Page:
All the drama in the first half was packed into its final minute. First Dani Ceballos got away with a rash tackle on Jota that must have been outside the area by a matter of millimetres, then when Arsenal failed to clear the free-kick a Jota header brought a one-handed save from Leno, with Minamino arriving at speed to volley the rebound against the bar.
It was a clear chance but a difficult one, with the ball at an awkward height and Minamino having no time to readjust his position. While Liverpool had probably applied more pressure to their opponents’ goal than Arsenal had managed, in terms of scoring opportunities neither side had looked particularly threatening.
Leno came to Arsenal’s rescue again at the start of the second half when a corner fell to Virgil van Dijk and he stabbed a shot goalwards from a couple of yards out. There was no great power in the effort but it was heading for the bottom corner until the goalkeeper got down smartly to his right to push it away.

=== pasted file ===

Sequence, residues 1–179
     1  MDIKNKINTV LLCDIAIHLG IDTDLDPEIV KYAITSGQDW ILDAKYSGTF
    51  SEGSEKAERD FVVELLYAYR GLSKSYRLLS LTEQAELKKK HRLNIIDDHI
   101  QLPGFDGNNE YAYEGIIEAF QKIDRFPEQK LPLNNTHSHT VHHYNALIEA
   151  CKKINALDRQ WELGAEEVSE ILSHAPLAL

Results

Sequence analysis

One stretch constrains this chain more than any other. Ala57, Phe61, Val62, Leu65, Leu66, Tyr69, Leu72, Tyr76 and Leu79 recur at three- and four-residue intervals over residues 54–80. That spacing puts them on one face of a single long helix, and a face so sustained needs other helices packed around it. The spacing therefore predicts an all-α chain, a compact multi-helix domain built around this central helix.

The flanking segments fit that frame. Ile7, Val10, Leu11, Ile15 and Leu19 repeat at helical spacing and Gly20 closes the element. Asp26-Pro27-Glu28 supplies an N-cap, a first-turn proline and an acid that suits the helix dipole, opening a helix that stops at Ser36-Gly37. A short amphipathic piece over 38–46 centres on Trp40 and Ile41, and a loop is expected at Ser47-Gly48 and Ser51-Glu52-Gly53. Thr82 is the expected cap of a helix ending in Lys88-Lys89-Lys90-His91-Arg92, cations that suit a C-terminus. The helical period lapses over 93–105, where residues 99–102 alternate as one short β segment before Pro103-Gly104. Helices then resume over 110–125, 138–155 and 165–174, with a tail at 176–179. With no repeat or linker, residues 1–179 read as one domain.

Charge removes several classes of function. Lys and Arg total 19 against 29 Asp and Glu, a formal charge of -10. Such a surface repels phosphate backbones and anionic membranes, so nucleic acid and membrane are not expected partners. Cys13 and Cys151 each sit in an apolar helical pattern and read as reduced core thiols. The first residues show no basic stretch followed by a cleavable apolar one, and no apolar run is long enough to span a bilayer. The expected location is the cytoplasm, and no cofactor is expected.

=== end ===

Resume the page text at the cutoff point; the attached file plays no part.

Carabao Cup round-up: Brentford sweep past Fulham
Saïd Benrahma gave his Premier League suitors a nudge as Brentford gained some revenge for their play‑off final defeat with a 3-0 Carabao Cup victory over Fulham.
Benrahma, the star of Brentford’s promotion bid last season, scored twice as the Bees reached the quarter-finals for the first time in their history.
The Algerian midfielder has been linked with a host of top-flight clubs but, with an expected move yet to materialise, he was given his first start of this season, and he took his chance in style.
What Brentford would have given for a performance like this two months ago, when they were pipped to promotion by their west London rivals in the Championship play-off final at Wembley. Defeat meant more misery for the Fulham manager, Scott Parker, whose side have lost all three matches upon their return to the top flight.
Parker made 10 changes to the side thumped by Aston Villa on Monday and they were inches away from taking a 10th-minute lead when Neeskens Kebano whipped a 25-yard free-kick round the Brentford wall and against the crossbar.